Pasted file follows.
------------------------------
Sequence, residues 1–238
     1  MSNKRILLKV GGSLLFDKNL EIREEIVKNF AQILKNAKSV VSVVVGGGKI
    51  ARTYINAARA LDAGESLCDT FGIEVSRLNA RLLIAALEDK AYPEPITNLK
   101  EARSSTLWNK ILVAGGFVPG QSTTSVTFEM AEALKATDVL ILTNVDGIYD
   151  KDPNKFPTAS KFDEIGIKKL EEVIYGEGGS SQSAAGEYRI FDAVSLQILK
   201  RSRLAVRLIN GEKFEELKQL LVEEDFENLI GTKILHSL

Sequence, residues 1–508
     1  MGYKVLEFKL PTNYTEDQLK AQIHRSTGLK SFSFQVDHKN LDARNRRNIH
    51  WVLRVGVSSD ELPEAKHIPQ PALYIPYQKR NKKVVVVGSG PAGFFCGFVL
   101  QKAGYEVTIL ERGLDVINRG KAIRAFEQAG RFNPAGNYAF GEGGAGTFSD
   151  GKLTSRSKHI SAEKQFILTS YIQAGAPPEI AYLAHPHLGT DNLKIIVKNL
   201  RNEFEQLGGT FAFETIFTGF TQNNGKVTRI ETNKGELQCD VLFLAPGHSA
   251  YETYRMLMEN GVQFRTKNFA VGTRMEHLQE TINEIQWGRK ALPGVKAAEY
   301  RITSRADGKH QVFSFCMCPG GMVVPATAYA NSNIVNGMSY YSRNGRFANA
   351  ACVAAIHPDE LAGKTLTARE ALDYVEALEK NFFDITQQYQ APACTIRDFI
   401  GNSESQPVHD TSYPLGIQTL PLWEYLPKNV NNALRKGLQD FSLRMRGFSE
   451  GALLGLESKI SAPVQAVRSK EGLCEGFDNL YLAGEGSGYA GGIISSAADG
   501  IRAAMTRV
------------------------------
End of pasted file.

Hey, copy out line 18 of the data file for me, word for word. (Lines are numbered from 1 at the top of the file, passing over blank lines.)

   501  IRAAMTRV